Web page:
There's a lot of things that get checked when you take the car in for a brake inspection. The thickness of the linings is just the start. If you have wear indicators, those will squeal long before the linings wear down too far. If the linings are worn enough to allow the rivets to grind on the rotors, you will still see some lining left. Also be sure to inspect the entire linings from end to end. They commonly wear unevenly and one end can still look okay.
Dust and dirt become embedded in the linings over time and can cause a squeal. Glazed linings can do that too. Usually all that's needed for that is to have a light cut taken on both sides of the rotors. Most auto parts stores will machine them for you as long as they will still be above the published minimum legal thickness.
You may have to do the same prep work to the pads that we do when installing new ones. Run a flat file over the pistons and calipers to insure there's no high points from dirt or rust. Coat those contact points with high-temperature brake grease too. The pads must sit squarely on the contact points to reduce their tendency to vibrate, and they must be lubed to allow them to vibrate freely without transmitting that squeal to the calipers where it would be amplified.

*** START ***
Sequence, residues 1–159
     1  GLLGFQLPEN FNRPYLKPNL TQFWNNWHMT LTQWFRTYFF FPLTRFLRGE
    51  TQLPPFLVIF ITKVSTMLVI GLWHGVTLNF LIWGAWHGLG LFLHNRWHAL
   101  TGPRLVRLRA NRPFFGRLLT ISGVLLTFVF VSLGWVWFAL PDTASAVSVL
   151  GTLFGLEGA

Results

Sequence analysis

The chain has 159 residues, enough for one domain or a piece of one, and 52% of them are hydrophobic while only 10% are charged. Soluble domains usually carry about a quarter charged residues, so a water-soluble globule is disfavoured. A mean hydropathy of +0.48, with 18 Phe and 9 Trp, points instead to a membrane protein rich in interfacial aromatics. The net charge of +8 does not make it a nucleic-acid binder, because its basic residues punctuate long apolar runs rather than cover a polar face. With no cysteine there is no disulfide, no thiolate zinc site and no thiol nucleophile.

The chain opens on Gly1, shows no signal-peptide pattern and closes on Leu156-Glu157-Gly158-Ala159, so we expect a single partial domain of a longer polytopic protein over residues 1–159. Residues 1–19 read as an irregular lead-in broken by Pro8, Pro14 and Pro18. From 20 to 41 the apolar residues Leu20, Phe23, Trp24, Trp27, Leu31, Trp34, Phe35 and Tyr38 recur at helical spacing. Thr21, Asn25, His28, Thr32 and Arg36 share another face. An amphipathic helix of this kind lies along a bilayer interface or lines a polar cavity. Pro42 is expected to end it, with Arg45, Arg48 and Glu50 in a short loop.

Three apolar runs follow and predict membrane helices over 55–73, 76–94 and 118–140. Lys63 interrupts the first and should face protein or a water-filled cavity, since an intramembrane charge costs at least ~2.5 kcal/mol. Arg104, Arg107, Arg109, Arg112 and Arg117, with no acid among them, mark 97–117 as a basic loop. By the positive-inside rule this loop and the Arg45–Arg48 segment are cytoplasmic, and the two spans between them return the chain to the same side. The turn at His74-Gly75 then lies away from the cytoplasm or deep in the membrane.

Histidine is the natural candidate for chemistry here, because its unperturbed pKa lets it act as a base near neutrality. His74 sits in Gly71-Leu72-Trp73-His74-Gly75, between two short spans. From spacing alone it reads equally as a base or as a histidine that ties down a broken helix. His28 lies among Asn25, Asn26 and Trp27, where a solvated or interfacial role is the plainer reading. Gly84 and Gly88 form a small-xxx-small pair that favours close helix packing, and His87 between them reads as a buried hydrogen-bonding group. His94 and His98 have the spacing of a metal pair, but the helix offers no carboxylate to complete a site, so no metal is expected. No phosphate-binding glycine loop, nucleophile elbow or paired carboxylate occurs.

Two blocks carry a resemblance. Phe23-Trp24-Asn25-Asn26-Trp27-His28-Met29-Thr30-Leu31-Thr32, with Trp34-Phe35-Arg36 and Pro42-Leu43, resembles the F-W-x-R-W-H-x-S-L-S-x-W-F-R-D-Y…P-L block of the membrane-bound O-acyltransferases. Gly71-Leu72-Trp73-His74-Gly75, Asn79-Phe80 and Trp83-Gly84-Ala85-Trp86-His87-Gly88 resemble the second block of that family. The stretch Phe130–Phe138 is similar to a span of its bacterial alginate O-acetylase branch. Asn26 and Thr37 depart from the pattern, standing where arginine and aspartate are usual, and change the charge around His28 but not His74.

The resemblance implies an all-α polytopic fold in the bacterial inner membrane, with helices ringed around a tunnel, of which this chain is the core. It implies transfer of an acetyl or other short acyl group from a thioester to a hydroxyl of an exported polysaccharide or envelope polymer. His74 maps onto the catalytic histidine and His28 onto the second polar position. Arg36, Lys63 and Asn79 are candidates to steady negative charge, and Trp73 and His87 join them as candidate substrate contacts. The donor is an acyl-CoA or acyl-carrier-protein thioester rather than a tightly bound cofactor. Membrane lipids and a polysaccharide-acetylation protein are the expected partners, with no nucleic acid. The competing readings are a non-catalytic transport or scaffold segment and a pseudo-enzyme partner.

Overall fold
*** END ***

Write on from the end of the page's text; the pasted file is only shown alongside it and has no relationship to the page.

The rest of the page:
Cut the sharp corner on the leading edges of the pads to reduce the "fingernails-on-the-blackboard" effect. A few passes with a flat file is sufficient.
Most importantly there must be no grease of any kind on the rotors or linings. That will definitely cause a squeal. Even fingerprint grease must be washed off.
Don't overlook the possibility of broken hardware on the calipers. Anti-rattle springs and pad separators are used in many applications. They can rust apart or loose their tension and rub on the rotor.
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Thursday, January 31st, 2013 AT 11:31 PM